Only last week at the Engage conference, James Murdoch, chief executive of BSkyB, spoke passionately of the dangers of "soggy no-man’s land" in television and expressed the view that, in an age of multiplying niches, mass audiences start to matter a lot more too.
Little did we appreciate just how much those mass audiences mattered to him until we learned, a mere three days later, that Murdoch had spent close to a billion pounds of his shareholders’ money on acquiring 17.9% of ITV.
The question for advertisers and agencies alike is this: will Murdoch be a benign or malignant factor in their dealings with ITV?Opinions about the motivation, and wisdom, behind the Friday evening "dusk raid" differ widely, but there was certainly nothing soggy or middle ground about it.
In one fell, strategic swoop, BSkyB has made itself the steward of ITV’s future. Like Cerberus, the three-headed hell-hound, it can deny access to the Elysian Fields for any would-be conquering heroes. It has scuppered Branson’s bid before it got started and any direct approach from RTL, owner of Five, now looks a lot less likely. Private equity interlopers, meanwhile, will find the going unattractively expensive.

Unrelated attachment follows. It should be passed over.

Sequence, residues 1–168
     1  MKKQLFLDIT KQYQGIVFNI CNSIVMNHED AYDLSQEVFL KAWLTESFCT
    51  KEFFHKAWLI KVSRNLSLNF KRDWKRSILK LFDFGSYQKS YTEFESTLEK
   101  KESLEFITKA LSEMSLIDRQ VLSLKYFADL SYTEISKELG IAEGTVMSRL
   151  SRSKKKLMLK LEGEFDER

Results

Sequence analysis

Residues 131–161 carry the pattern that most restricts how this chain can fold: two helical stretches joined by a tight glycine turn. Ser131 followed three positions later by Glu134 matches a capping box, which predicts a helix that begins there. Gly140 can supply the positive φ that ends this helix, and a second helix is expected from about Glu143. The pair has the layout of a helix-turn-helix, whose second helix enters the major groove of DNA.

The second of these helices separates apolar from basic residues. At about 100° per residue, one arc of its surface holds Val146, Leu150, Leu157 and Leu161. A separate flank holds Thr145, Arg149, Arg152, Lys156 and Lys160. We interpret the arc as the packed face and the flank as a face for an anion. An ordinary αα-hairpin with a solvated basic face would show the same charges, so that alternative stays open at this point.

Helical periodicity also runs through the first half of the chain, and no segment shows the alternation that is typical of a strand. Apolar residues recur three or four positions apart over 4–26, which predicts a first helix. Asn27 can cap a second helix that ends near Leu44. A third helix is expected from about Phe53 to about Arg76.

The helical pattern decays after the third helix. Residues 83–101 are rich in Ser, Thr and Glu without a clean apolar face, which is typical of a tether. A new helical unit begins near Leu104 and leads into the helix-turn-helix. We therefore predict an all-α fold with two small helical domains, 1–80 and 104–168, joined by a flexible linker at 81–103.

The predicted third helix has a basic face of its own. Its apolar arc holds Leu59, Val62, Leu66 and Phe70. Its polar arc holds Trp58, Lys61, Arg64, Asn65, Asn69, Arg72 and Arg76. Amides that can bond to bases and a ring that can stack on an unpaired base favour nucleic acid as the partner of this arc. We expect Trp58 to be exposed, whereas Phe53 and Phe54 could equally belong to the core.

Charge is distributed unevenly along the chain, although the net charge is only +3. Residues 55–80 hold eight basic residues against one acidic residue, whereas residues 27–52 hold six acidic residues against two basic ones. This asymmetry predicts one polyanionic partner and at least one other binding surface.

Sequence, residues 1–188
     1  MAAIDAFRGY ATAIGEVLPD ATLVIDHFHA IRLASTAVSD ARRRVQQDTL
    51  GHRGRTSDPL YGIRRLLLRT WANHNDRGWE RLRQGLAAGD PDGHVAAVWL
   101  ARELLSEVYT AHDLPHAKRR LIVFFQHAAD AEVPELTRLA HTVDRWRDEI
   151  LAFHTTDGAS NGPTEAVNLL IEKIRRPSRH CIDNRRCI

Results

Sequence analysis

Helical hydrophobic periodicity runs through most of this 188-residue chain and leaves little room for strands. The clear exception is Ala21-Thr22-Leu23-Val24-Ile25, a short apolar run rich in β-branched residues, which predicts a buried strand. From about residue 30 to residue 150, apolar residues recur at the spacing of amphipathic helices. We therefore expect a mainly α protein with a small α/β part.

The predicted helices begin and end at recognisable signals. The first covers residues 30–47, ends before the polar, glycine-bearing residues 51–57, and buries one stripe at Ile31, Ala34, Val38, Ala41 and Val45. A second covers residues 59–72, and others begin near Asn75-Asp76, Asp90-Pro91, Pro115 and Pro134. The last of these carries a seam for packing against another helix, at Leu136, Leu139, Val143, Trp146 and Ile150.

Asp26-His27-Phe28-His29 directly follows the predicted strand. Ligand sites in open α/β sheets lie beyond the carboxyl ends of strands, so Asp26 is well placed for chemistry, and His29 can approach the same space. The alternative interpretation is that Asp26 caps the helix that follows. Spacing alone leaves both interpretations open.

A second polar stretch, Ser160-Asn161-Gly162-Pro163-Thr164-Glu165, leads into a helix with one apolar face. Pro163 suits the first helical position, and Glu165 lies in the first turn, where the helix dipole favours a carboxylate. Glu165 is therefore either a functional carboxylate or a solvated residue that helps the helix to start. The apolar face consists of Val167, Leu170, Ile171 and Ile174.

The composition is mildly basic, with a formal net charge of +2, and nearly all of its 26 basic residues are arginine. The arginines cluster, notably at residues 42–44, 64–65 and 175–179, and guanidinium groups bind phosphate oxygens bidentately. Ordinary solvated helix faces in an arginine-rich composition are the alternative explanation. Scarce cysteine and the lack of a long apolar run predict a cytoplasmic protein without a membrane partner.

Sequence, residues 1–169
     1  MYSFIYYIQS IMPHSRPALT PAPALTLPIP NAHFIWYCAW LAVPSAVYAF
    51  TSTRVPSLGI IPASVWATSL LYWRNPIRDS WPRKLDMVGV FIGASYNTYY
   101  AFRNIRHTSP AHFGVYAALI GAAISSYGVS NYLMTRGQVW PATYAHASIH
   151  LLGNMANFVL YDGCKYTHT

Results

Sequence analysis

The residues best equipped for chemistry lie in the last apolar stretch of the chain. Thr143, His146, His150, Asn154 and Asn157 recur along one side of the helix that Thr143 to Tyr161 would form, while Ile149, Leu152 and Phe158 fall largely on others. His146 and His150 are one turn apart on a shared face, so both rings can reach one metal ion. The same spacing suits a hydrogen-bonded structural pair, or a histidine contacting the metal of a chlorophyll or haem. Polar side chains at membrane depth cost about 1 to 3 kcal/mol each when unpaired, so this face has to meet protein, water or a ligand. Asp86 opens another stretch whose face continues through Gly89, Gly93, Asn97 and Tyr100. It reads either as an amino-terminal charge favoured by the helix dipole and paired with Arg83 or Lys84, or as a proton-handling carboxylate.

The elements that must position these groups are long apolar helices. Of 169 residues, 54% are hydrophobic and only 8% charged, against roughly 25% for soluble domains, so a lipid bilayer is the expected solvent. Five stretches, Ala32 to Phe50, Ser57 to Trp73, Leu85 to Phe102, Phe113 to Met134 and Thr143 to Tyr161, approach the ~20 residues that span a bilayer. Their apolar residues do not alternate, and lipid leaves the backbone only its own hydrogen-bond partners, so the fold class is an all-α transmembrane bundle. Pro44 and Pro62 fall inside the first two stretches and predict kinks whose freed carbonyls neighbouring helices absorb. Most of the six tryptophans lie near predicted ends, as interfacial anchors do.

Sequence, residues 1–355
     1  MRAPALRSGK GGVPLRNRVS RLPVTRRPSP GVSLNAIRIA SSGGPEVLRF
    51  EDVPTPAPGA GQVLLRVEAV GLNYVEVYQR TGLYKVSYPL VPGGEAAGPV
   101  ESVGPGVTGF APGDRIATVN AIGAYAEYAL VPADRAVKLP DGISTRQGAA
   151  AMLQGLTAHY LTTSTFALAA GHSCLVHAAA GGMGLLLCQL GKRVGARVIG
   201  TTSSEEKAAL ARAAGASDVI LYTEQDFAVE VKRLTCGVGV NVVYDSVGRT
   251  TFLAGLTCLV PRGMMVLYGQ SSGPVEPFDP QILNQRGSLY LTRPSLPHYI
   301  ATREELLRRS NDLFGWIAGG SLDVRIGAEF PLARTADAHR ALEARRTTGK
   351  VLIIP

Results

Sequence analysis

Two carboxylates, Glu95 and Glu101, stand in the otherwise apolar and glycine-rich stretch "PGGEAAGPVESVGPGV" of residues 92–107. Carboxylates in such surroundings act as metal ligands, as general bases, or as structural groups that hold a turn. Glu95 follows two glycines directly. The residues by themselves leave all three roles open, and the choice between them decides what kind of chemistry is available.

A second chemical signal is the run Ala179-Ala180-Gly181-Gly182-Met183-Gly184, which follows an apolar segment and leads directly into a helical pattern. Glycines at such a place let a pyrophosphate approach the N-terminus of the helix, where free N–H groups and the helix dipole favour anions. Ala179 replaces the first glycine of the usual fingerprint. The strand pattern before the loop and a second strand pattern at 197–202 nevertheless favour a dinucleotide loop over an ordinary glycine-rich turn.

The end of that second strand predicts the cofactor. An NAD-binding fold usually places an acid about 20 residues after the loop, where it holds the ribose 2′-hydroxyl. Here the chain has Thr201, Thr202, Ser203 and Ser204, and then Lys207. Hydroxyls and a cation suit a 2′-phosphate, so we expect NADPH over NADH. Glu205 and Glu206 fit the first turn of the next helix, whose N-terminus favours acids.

In a sense, what the astuter pundits of two or three years ago were predicting has happened. ITV is, to all intents and purposes, passing into the hands of a US media company, though they little imagined it would be Rupert Murdoch’s, or that a minority stake (effectively sparing the expense of a full takeover bid) would do the trick.
Outrageous? Uncompetitive? Someone (the regulators, for example) will have to do something about it? Not really. James Murdoch has acted entirely legally in limiting his stake to under 20% and publicly distancing himself from any thought (heaven forfend!) of taking formal control. Proving that BSkyB as a minority shareholder is exercising "material influence" over commercial decisions at ITV will be extremely difficult unless Murdoch does something peculiarly stupid in the coming months.
From an advertiser point of view, there are certain reasons for welcoming the move. In the shorter term, the BSkyB stake assures stability in what was a fast-disintegrating situation. ITV will now, for example, be able to attract a chief executive of higher calibre than looked the case a couple of weeks ago. Further down the line, BSkyB is at the forefront of certain developments that should be of great interest to advertisers. Where ITV currently is trailing the BBC and Channel 4 a poor third in developing video-on-demand services, Murdoch is pioneering Smart TV – a sophisticated and ambitious attempt to tailor ads to household profiles. BSkyB’s database management and customer service skills are widely admired, unlike ITV’s.
Nonetheless, there are concerns that advertisers will need to address in any durable relationship. What sort of say might Murdoch want, as principal shareholder, in the appointment of the ITV ceo? What if there was ever any hint of Sky leveraging sales across the two organisations? What are Murdoch’s views on CRR? And who is going to guarantee a level-playing field when it comes to auctioning the big television rights?